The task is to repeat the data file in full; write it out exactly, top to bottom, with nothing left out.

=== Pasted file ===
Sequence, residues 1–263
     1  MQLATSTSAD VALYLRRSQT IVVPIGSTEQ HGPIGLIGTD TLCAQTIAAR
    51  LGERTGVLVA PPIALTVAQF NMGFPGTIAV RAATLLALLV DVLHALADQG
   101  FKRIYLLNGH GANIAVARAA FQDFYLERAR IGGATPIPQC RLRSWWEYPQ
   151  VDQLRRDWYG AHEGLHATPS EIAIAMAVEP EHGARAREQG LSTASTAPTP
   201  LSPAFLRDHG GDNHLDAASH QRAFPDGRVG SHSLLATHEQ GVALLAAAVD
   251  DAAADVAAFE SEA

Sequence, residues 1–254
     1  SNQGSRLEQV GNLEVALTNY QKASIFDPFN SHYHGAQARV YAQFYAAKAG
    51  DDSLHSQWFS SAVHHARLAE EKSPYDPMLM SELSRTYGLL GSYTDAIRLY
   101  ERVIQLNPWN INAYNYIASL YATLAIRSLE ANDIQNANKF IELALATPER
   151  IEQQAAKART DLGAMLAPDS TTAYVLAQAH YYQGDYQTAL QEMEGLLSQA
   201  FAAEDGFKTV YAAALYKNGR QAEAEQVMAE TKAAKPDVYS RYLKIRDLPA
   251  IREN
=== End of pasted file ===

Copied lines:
Sequence, residues 1–263
     1  MQLATSTSAD VALYLRRSQT IVVPIGSTEQ HGPIGLIGTD TLCAQTIAAR
    51  LGERTGVLVA PPIALTVAQF NMGFPGTIAV RAATLLALLV DVLHALADQG
   101  FKRIYLLNGH GANIAVARAA FQDFYLERAR IGGATPIPQC RLRSWWEYPQ
   151  VDQLRRDWYG AHEGLHATPS EIAIAMAVEP EHGARAREQG LSTASTAPTP
   201  LSPAFLRDHG GDNHLDAASH QRAFPDGRVG SHSLLATHEQ GVALLAAAVD
   251  DAAADVAAFE SEA

Sequence, residues 1–254
     1  SNQGSRLEQV GNLEVALTNY QKASIFDPFN SHYHGAQARV YAQFYAAKAG
    51  DDSLHSQWFS SAVHHARLAE EKSPYDPMLM SELSRTYGLL GSYTDAIRLY
   101  ERVIQLNPWN INAYNYIASL YATLAIRSLE ANDIQNANKF IELALATPER
   151  IEQQAAKART DLGAMLAPDS TTAYVLAQAH YYQGDYQTAL QEMEGLLSQA
   201  FAAEDGFKTV YAAALYKNGR QAEAEQVMAE TKAAKPDVYS RYLKIRDLPA
   251  IREN